Classifies a brownfields redevelopment on the former Atlantic Steel site for its myriad of design and development strategies to reduce transportation emissions as a Transportation Control Measure (TCM) within the State Implementation Plan (SIP). (http://www.atlanticstation.com exit EPA)
Ozone Flex Program—U.S. EPA Region 6 and States in Region 6
Memoranda of Agreement (MOAs) to outline specific, voluntary, locally tailored pollution control plans to reduce or maintain ozone levels below the one-hour standard, providing flexibility to meet federal mandates in areas that currently exceed the eight-hour standard. (http://www.epa.gov/earth1r6/6pd/air/pd-l/index.htm)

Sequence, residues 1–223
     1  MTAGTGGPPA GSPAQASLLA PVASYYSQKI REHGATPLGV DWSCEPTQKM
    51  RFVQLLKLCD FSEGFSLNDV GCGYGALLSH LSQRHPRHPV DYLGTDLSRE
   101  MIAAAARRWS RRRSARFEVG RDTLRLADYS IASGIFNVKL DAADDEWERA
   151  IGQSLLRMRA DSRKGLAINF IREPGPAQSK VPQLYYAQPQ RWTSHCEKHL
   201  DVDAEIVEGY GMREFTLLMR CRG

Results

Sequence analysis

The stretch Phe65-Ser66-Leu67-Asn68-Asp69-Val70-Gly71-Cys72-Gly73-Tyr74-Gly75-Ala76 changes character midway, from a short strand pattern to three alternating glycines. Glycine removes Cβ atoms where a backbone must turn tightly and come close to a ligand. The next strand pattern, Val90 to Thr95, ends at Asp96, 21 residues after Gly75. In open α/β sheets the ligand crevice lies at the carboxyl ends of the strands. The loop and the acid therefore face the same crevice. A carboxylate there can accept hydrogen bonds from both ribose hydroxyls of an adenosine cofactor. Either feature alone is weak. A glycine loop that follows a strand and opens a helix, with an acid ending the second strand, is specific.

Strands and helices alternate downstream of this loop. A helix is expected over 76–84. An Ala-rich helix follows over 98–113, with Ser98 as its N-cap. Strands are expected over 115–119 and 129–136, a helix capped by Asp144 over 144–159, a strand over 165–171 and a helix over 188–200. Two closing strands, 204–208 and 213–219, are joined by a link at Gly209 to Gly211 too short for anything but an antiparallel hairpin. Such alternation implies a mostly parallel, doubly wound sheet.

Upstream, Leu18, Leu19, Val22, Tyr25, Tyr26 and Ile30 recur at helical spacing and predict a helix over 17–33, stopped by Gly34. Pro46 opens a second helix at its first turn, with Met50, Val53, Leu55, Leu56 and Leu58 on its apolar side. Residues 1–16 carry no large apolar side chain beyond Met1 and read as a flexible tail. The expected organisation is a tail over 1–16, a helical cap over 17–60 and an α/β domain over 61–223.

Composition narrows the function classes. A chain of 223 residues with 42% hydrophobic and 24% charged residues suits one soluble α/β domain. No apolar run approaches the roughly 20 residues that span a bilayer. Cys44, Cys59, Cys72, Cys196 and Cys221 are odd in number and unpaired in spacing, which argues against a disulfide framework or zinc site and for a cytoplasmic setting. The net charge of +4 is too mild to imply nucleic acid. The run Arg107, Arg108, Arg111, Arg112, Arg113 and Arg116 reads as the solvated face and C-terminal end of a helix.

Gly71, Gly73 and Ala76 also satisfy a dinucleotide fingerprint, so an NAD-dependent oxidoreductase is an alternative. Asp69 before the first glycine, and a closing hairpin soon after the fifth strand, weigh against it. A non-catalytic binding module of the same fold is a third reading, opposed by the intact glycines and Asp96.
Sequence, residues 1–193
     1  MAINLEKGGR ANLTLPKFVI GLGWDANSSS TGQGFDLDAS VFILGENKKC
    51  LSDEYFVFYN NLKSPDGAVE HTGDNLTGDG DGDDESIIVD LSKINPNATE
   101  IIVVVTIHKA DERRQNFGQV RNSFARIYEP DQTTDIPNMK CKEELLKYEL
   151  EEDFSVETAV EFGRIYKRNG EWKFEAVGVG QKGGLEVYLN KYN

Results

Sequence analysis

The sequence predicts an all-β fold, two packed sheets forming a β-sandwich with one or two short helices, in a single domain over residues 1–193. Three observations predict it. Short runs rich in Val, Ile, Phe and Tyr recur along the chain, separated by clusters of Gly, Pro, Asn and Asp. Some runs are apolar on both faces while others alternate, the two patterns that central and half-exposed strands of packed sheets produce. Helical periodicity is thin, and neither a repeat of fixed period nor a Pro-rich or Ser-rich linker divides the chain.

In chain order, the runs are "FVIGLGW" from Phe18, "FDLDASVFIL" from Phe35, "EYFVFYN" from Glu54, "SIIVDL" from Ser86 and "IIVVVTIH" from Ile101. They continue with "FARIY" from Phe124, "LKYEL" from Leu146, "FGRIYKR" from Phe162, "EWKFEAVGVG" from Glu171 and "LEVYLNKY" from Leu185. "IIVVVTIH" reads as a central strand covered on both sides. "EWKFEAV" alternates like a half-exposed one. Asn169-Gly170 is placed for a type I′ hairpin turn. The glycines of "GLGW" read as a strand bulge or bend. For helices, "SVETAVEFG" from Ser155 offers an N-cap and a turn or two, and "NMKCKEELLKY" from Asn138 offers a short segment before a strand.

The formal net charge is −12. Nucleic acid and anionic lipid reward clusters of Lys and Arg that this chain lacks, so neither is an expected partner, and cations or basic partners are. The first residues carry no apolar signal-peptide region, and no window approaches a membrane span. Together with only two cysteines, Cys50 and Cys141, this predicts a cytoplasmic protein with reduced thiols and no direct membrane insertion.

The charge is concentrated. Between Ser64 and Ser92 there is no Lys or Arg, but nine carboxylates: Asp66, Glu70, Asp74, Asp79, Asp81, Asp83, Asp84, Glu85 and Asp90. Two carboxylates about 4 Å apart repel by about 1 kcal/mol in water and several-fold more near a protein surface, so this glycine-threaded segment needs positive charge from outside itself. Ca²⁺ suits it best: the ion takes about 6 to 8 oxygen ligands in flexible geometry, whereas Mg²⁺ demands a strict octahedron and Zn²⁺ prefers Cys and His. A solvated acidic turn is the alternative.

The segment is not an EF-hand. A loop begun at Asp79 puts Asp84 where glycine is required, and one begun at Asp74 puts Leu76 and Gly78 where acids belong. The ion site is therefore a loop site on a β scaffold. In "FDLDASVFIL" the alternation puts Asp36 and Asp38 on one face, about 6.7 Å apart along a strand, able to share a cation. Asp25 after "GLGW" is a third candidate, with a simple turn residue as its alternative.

Clean Air Counts—Illinois
Supports five campaigns focused on systematic, voluntary changes to improve air quality, specifically for ozone creating pollutants to address Chicago's ozone nonattainment problems. (http://www.cleanaircounts.org/ exit EPA)
Dioxin Reduction Strategy—New Hampshire
Addresses public health concerns of dioxins by identifying the impacts and routes of dioxin exposure, making an inventory of sources of dioxin, and recommending multi-media action to reduce anthropogenic dioxin emissions. (http://www.c2p2online.com/documents/NewHampshire.pdf exit EPA)

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Watershed Quality